Midlife Crisis: Transition or Depression?
What do you do when a midlife crisis turns into depression?
Midlife Crisis: Path to Depression or Growth? continued...
The husband, who also talked to Sherman, became concerned after his wife spent nearly a week sleeping and crying.
The next time Sherman saw the woman in therapy, she offered her an alternative thought: "You're not losing your identity. You have an opportunity to create a new one."
Yes, her parenting role would change, but having much less responsibility -- as her kids were now in college -- would free her up to develop a new image and identity. The thought appealed to her. The next week, she went to a college placement service to explore her options.
When Midlife Crisis Turns Into Depression
Not everyone glides through their midlife transition that easily, of course, Jones says.
In midlife, people need to be aware of symptoms of serious depression, such as:
- Change in eating habits
- Change in sleeping habits, fatigue
- Feelings of pessimism or hopelessness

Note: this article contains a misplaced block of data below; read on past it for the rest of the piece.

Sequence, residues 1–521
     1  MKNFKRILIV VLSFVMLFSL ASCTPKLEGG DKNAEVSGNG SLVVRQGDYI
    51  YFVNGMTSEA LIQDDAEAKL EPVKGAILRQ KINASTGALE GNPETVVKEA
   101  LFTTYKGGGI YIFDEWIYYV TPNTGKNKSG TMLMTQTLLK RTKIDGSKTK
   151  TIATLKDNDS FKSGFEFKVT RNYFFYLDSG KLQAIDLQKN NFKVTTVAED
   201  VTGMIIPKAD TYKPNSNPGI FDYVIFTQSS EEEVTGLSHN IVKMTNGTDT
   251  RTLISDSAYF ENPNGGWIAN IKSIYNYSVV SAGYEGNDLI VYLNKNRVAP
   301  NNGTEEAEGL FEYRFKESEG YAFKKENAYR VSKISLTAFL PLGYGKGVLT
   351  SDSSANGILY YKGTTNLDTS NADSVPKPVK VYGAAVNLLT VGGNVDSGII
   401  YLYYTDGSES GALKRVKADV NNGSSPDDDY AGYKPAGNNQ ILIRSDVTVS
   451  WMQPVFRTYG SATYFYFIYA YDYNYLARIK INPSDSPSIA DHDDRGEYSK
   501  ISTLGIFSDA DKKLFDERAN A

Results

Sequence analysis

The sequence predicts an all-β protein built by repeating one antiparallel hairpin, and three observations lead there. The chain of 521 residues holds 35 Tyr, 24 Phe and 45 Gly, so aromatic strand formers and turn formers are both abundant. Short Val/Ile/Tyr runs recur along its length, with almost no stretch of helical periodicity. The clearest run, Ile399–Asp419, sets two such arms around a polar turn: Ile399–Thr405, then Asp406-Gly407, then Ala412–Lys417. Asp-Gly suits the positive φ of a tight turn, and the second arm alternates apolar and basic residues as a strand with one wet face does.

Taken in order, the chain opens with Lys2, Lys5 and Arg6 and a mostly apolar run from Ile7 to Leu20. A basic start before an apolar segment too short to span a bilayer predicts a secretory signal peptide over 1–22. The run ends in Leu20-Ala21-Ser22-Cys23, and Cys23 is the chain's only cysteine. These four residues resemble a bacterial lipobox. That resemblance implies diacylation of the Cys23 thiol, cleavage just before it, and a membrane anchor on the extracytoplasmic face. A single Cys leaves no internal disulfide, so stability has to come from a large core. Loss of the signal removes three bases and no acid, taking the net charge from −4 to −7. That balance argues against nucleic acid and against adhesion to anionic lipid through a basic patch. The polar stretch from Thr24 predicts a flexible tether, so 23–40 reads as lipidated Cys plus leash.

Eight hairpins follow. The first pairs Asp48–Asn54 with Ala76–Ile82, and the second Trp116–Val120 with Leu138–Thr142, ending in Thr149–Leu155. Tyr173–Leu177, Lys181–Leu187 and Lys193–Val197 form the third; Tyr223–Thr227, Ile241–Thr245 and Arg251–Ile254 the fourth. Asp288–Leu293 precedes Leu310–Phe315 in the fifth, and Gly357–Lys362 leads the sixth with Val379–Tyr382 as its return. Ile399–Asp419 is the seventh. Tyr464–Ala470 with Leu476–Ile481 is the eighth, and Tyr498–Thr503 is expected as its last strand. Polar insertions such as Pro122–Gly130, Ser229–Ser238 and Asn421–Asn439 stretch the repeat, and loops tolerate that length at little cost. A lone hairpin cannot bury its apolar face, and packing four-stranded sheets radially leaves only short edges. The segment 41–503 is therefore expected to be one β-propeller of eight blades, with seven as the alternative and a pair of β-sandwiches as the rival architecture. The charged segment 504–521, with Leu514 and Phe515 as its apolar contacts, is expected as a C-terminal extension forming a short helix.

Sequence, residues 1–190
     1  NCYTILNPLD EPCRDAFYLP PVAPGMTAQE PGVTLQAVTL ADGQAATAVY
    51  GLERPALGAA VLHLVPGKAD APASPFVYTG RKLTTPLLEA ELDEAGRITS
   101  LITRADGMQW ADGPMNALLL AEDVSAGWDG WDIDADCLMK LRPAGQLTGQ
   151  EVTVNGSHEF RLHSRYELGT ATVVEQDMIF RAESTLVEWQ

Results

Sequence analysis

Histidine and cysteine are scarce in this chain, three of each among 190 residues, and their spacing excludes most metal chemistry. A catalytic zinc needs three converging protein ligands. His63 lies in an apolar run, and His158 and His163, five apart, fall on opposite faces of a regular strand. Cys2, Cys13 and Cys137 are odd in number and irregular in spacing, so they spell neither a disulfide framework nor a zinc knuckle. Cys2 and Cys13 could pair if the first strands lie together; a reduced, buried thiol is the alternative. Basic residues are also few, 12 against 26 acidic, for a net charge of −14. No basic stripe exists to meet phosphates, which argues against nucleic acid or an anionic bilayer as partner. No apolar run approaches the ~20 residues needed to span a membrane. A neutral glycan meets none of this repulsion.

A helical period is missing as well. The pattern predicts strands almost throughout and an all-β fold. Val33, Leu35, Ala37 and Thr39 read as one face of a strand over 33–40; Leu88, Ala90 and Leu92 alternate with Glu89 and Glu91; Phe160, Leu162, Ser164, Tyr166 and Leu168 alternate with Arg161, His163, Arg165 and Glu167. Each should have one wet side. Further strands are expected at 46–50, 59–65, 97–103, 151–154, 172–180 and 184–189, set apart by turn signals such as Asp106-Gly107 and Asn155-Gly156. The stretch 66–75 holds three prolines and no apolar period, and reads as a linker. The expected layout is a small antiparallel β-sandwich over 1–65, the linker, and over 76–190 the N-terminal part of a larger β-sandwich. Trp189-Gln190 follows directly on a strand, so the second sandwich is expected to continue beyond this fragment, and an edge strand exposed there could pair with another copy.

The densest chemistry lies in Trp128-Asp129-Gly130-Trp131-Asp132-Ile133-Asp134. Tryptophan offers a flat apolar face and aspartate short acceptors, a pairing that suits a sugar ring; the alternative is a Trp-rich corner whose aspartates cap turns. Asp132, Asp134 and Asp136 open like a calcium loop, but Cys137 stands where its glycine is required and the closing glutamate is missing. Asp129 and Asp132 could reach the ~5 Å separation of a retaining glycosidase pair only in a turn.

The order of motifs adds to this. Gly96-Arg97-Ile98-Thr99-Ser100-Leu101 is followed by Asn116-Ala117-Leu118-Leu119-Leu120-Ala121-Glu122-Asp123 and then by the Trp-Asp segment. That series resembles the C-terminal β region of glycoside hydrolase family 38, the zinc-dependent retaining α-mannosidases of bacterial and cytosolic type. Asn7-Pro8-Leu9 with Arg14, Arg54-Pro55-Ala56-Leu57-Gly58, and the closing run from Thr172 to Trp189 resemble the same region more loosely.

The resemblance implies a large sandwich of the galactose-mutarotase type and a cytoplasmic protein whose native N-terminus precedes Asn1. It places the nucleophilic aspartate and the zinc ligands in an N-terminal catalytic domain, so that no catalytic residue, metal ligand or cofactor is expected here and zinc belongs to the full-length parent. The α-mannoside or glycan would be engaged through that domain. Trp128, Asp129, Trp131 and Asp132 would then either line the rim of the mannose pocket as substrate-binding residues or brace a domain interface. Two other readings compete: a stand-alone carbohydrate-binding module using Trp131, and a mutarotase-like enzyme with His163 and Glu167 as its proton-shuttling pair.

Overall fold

- Restlessness, anxiety or irritability
- Feeling of guilt, helplessness or worthlessness
- Loss of interest in activities once enjoyed, including sex and hobbies
- Thoughts of suicide or attempts at suicide
- Physical aches or pains such as headaches or gastrointestinal upset that don't respond to treatment
When Midlife Crisis Turns Into Depression: What Helps?
Behavior or "talk" therapy, as well as prescription antidepressant medication, can help treat major or clinical depression, says Anita H. Clayton, MD, professor of psychiatry and neurobehavioral sciences at the University of Virginia, Charlottesville.
In a study published in the Journal of Consulting and Clinical Psychology, Stanford University researchers compared medication alone, talk therapy alone, or a combination in 656 persons with chronic depression. They found that the combination produces a faster, fuller remission of chronic depression.
If depression is milder, Clayton says, a single approach may be enough.